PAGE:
SKOWHEGAN — Artist Wally Warren builds cities of dreams.

Crazy, colorful cities that rise up from old computer and electronic parts, threaded steel rods, copper wiring, plumbing fixtures, golf balls, typewriter keys, Bic lighters, castoff toys, motor parts, nuts, bolts, screws and wine bottle corks – all painted in vibrant colors.

He’s a sculptor, an engineer – a dreamer of resurrection and transformation.

“I have dreams about cities and I try to recreate them,” said Warren, who lives in a colorful 20-by-24-foot cabin he built 40 years ago in the rural Somerset County town of Ripley. “I’m often flying over cities; I love harbors and ships coming in and out.”

Warren, 67, also builds intricate miniature ships from the same castoff materials. He makes totems, towers and wall hangings from painted satellite dishes.

An exhibition of his art, called Wally Warren Revisited, is on display this month at Central Maine Artists Gallery on West Front Street in Skowhegan. The exhibit, which is open Tuesday through Saturday, runs through Jan. 3.

Warren said he gathers his raw materials from landfills and dumps, especially the Dexter transfer station, where he pores over refuse and finds things he can dismantle and use the parts for his transformations.

“I don’t even know half of what this stuff is,” he said from the gallery Thursday. “They’re generic, not specific cities, made from techno-trash. Some of it is from kids’ toys, some obviously from a motor and old computers. The guys on the metal pile at the Dexter transfer station are wonderful. They let me pick with impunity. They help me procure stuff.”

His work also will be on display in December at the Frank Brockman Gallery in Brunswick. Warren art pieces also can be seen at the Somerset Grist Mill in Skowhegan; Emerson and Associates in Madison; various libraries, colleges, elementary schools; and the Bertrand R. Cross State Office Building, near the state capital in Augusta.

A centerpiece to one of Warren’s mythical cities is on display in a glass case at the Abbott Memorial Library in Dexter.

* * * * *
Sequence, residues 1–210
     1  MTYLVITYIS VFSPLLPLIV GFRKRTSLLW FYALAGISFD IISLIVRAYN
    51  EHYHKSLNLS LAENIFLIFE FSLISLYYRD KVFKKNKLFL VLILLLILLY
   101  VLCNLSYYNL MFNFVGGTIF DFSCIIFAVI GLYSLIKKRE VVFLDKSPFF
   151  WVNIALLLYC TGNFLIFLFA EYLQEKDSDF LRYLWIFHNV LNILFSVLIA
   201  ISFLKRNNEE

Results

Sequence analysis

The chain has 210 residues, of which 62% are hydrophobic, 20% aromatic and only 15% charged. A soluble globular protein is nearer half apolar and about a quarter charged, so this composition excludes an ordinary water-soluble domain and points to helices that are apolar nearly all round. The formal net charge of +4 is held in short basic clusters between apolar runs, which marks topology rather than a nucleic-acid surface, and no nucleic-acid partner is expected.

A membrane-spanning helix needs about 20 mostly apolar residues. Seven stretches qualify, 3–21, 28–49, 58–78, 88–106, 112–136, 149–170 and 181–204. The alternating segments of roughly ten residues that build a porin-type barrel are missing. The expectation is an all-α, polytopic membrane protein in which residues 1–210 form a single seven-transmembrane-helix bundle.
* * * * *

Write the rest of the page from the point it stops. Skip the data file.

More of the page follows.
He previously displayed his work at larger urban galleries in Seattle, Wash.; Portland, Ore., and in Montana, when he lived for 15 years before moving back to Maine in the 1990s. Art buyers in Manhattan and in Los Angeles also have sold his work to private collectors.

“What attracts people to Wally mostly is just the fact that he does so many imaginative things with all of these lost and found objects,” Skowhegan gallery owner Doug Corson said. “He has his cityscapes and his ironclad boats. He makes towers out of corks and bottles, and gamelans – percussive instruments made of a whole variety of things. He has been one of the most popular artists here at the gallery. This is probably his fourth show here over the last eight or 10 years.”

Corson said the objects of Warren’s art will sell during the exhibition for $60 to $500 apiece. A three-piece “City of Dreams” is priced at $1,100.

Amber Lambke, owner of the Grist Mill, said Warren’s artwork has become part of the interior landscape at the mill.

“We have a number of pieces in the Pick Up, and one of his – what he calls his cities – in the front lobby,” Lambke said. “I like Wally’s work because he’s got a very orderly sense about his work. He enjoys scenes of found objects like computer keys or fan cages or parts of tools, and he methodically puts them back together into attractive sculptures.”

Frank Brockman, at the gallery in Brunswick, said he will open his gallery for the Christmas season and will feature about eight pieces of Warren’s art.

“I just love people that create something from nothing, and he’s the master. I think his work is very sophisticated,” Brockman said.

Warren, who has two grown sons in Maine, said he built model railroads and cities out of balsa wood as a child and decided he wanted to be a civil engineer. He flunked out of engineering school at the University of Maine, re-enrolled and finally got his degree in visual art.

Warren said that in his dreams, he isn’t really going anywhere when he flies over the cities with the harbors and boats coming and going – he is already there, just dreaming, enjoying the trip.

Doug Harlow can be contacted at 612-2367 or at:

[email protected]

Twitter: @Doug_Harlow

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